Goldstein wrote:[...] When you visit the Polin Museum next time - just ask them from where all the exhibits come from. [...]
The database from Polin Museum does not show what they have. It's database made by Polin, with pictures of Judaica from other museums in Poland. I wrote it. So it's not a new collection created for Polin Museum.
All these items in museums, some probably with well known provenance, are fakes made of candlesticks? With different Charlap stamps (full name / monogram) and different dates and assayer's? Why so many in this style with Charlap's mark, some with other silversmiths (mostly from Warsaw) and not a single one from Petersburg, Moscow or other Russian cities?
You have a brave theory. Somebody found a lot of candlesticks in the same style, mostly from Warsaw area, with bases not similar to common spice towers (he intended to fake), found other matching parts, created missing elements (skilled beast!), connected everything, cut flags - each little different in shape, stamped some flags and doors with the fake stamp (as I know, the flag/door is not part of the candlestick, so it was made while making fake, so had to stamp it, so stamp is fake - but you said stamps were original, but cut from candlesticks) and started selling during the years, as I see many different aquisition dates in museums or auction offers. Or maybe produced them in Poland in years after the war, to have time to spread it worldwide? In early communist time making fakes of antiques? When authorities were rather destroying antiques as memory of the "wrong system"? BTW, he was amazing skilled, as he was selling them worldwide these days, when it was difficult to send a letter abroad.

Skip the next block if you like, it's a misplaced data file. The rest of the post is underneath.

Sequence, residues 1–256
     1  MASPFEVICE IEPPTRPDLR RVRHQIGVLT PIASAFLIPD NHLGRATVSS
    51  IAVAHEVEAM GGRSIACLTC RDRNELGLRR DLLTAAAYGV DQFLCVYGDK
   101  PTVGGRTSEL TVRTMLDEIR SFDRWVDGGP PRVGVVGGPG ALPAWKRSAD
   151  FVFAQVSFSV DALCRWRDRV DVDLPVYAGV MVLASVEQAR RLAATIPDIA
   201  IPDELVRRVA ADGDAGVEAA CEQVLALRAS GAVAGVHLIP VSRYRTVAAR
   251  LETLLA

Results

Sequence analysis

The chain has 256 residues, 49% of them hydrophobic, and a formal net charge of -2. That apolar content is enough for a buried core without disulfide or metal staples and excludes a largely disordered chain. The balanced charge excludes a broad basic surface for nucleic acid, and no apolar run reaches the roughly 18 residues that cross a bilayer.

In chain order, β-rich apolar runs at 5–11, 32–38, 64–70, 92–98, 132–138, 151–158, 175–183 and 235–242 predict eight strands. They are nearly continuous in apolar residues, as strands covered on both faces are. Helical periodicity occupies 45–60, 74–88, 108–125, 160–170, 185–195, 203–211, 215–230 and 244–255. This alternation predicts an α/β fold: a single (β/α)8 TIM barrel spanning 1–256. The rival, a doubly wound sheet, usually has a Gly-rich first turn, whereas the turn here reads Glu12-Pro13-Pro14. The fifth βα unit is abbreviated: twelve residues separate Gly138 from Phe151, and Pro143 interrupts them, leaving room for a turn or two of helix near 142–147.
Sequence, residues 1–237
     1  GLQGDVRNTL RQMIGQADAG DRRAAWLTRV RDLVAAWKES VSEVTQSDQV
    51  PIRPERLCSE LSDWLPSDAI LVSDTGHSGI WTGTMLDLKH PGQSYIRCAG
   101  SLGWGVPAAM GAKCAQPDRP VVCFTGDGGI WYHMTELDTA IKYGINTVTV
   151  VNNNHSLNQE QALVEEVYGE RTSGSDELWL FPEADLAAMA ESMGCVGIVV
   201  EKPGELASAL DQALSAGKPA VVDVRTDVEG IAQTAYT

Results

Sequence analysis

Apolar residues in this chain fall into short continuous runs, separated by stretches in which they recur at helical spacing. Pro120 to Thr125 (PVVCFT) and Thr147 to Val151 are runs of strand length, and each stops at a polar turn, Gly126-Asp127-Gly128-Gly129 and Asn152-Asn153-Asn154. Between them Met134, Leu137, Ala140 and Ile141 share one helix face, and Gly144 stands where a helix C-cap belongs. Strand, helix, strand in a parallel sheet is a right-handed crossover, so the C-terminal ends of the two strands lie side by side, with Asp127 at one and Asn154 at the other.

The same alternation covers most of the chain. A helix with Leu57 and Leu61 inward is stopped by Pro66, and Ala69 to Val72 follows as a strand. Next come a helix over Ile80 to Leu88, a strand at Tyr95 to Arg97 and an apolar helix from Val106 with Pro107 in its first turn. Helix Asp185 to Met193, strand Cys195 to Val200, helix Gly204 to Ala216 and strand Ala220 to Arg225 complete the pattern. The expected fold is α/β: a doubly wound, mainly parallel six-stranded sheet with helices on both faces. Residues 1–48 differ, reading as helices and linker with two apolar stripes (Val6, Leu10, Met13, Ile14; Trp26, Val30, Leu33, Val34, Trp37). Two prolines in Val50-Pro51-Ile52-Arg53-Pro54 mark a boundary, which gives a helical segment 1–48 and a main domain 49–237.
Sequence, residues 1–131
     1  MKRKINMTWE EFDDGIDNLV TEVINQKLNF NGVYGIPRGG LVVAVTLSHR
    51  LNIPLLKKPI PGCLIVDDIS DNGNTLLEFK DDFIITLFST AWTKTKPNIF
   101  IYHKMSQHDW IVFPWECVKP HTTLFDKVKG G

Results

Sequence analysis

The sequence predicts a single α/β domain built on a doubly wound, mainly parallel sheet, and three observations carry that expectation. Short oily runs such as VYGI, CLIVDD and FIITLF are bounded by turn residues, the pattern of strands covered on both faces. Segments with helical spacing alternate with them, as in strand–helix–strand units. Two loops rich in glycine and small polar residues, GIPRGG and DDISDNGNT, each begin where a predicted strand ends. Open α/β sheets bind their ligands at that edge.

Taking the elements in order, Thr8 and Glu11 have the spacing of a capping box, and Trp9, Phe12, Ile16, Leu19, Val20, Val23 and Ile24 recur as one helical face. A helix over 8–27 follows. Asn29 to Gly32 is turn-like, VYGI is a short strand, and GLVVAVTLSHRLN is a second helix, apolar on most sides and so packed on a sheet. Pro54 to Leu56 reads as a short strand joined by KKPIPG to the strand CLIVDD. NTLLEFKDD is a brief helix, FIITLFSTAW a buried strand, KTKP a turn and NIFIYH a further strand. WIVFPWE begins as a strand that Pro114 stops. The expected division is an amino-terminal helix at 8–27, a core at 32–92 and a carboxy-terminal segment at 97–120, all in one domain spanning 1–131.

Don't you think that most simple matching theory is most probably correct? I believe in simplicity. So simple theory is that these items are originals, but for some resons you can't accept it. You are fighting with logic now.
Answer one question:
You said stamps were originals, cause it's original base of the candlestick. What about stamps which we can sometimes find on door or flags? Don't tell me that now you noticed these stamps are fakes. Originals, cut from other pieces? Fake maker should be a milioner having so much original silver to find stamps on parts having proper shape for flag/door and matching stamp on the base?
Do you really believe fake maker would make so much effort to fake a cheap item like spice tower? Made by almost unknown master? Why not better a name, i.e. Malcz, if Polish? He had to buy silver candlesticks + other parts, overwork them, buy silver, make himself or order parts characteristic for spice tower, keep the silver standard .875 in all parts (I checked), make many various stamps with different assayer's and create something not looking like typical spice tower? spending huge work and a lot of cash on it? Why not to copy existing shape, what is more simple to sell? Or, if you agree with me, that it's too much work for one fake-maker, maybe there was a group of people in different periods and places, who found out the brilliant idea of making fake in not existing shape of spice box?